1.50 The trail reaches the northeast corner of Cedar Swamp. The Monument Trail continues straight ahead, crossing the outlet of Cedar Swamp. The SRT turns left and parallels the eastern edge of Cedar Swamp on a woods road. The blue SRT blazes begin here.
1.85 The trail turns right and crosses Cedar Swamp on a boardwalk. Cedar Swamp is a magnificent mountaintop bog that is filled with cedar, wild rhododendron and hemlock. Part of the Dryden Kuser Natural Area, Cedar Swamp is the most inland example of Atlantic white cedar, normally a coastal plain evergreen tree. It was named for New Jersey State Senator Dryden Kuser, a leading conservationist and the son of Colonel Anthony Kuser, who donated the land for High Point State Park to New Jersey in 1923.
In New Jersey, a natural area has the same protection as a New York wilderness area has. Normally a natural area is designated only in an ecologically significant area. After crossing Cedar Swamp, the trail continues along a woods road on the western side of the swamp.
2.05 The trail turns right off the gravel road at a park bench and ascends to the Monument Trail on the western side of Cedar Swamp. It then turns left onto the Monument Trail, which it follows to the top of a small knob. Atop the knob, the trail turns right, leaves the Monument Trail, then passes a view toward the Delaware River and descends off the knob. The trail continues north along the central of three ridges of Kittatinny Mountain through an understory of blueberry.
2.70 The trail turns left and descends on an old woods road toward a stream crossing in a col. After the stream crossing the trail makes a gradual ascent toward the New York border.
3.10 The trail leaves High Point State Park and crosses into New York by a border monument. After crossing into New York the trail is on private land. Please be respectful. The trail climbs up to the westernmost ridge and heads north along the ridge. Once in New York, the name of the mountain range changes from Kittatinny to Shawangunk.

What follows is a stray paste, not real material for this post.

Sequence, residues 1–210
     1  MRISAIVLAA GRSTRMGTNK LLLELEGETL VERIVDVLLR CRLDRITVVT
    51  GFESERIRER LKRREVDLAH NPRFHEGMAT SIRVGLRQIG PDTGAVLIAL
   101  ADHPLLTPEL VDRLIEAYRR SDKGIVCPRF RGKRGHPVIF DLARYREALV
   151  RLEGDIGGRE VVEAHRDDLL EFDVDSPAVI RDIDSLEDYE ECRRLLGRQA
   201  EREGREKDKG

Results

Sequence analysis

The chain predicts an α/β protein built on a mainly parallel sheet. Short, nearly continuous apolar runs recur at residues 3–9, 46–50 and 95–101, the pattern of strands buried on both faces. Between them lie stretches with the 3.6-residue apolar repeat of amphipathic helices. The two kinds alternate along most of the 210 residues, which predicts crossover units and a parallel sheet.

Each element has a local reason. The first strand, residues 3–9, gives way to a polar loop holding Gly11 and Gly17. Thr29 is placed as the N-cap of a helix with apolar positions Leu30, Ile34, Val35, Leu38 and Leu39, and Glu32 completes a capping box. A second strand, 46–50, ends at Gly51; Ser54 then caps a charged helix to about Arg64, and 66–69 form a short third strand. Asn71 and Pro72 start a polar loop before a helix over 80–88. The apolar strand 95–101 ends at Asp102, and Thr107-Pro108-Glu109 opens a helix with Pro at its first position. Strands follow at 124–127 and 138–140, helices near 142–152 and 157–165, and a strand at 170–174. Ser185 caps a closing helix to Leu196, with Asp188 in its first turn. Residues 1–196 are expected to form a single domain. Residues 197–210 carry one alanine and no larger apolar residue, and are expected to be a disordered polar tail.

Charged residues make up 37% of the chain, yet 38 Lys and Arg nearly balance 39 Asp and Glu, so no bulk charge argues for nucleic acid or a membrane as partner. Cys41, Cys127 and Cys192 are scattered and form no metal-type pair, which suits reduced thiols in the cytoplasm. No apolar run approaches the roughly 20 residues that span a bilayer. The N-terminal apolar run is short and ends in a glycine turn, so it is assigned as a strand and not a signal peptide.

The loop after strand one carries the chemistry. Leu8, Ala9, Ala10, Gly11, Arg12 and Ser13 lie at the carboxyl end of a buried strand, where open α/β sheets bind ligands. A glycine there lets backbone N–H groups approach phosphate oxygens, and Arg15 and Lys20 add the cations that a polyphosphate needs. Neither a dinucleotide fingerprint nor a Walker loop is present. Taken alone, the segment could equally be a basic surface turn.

3.25 The trail reaches a viewpoint west over Port Jervis and the Delaware River. The trail then heads north along the slab with a view north toward the Catskills. Shortly, the trail descends into the woods and then follows the ridge north. It climbs back up to an area of scrub oak and pitch pine, and then turns back north.
3.75 To the left, through the trees, is a view of the Delaware River and Port Jervis. The trail then begins a gradual descent off the ridge, crosses a woods road, descends to a small stream and levels out.
4.55 Turn right and follow Greenville Turnpike uphill.
4.95 Turn left off the Greenville Turnpike at a DEC parking area, onto an old woods road into DEC lands The trail is now blazed with blue DEC blazes most of the way. The trail passes between two houses and passes to the left of a blazed rock, then turns right.
5.60 Turn left on an old woods road, then soon turn right off it.
5.85 The trail reaches an open cliff with views of the Delaware River and the mountains of Pennsylvania beyond it. The trail starts descending.  Hathorn Lake
6.00 The trail crosses a powerline, and soon passes near a parking area off Interstate 84 and begins ascending.
6.40 The trail reaches another fine viewpoint. Except for the highway noise, which depends on the wind direction, this section of the trail is very nice. The trail keeps ascending to the summit of a low peak, then descends into a valley.
6.80 Cross a seasonal stream. The trail passes by several stone walls and old woods roads, then climbs another summit (Minisink)  before descending again.
7.30 After a final steep descent reach Old Mountain Road and turn left.
7.70 The trail turns left on US Route 6 (to the right is a deli) and crosses under Interstate 84.
8.20 The trail reaches Hathorn Boulevard and turns right.
8.30 Hathorn Boulevard veers left but the trail continues straight onto Lakeside Drive along the eastern shore of Hawthorne Lake. On the right is Lookout Drive.
8.55 The trail reaches the end of the road and the end of this section. There is a cul-de-sac with room to park several cars, and the trail continues into the woods on an old woods road.

 

 

 

 

 

 

 

 Hawthorne Lake. 2001 [JAKOB FRANKE]